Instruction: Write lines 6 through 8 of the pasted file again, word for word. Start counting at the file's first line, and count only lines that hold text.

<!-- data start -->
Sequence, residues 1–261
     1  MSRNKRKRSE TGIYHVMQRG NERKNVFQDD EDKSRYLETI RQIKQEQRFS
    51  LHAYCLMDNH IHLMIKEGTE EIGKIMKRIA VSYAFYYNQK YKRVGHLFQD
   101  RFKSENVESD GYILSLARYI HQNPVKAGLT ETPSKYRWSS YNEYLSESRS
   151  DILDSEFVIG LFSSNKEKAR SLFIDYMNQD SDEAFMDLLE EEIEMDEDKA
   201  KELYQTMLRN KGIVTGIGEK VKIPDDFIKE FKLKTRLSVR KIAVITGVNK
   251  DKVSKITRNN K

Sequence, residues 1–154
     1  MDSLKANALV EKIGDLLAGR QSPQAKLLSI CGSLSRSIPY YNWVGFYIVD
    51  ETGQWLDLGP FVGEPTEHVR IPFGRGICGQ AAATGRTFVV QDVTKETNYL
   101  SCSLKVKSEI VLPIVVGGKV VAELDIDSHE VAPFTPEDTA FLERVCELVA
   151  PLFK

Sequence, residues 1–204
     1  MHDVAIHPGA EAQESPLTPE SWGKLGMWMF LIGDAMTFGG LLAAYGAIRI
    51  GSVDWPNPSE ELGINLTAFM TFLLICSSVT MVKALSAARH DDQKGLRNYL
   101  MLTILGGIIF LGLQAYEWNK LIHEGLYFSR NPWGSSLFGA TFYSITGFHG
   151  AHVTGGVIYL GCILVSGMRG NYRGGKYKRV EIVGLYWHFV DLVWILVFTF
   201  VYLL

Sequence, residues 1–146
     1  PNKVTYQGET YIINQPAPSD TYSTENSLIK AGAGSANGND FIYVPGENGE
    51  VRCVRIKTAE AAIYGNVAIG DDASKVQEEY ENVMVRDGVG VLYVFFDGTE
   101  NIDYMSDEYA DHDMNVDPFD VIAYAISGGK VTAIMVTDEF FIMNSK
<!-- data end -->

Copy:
   201  KELYQTMLRN KGIVTGIGEK VKIPDDFIKE FKLKTRLSVR KIAVITGVNK
   251  DKVSKITRNN K

Sequence, residues 1–154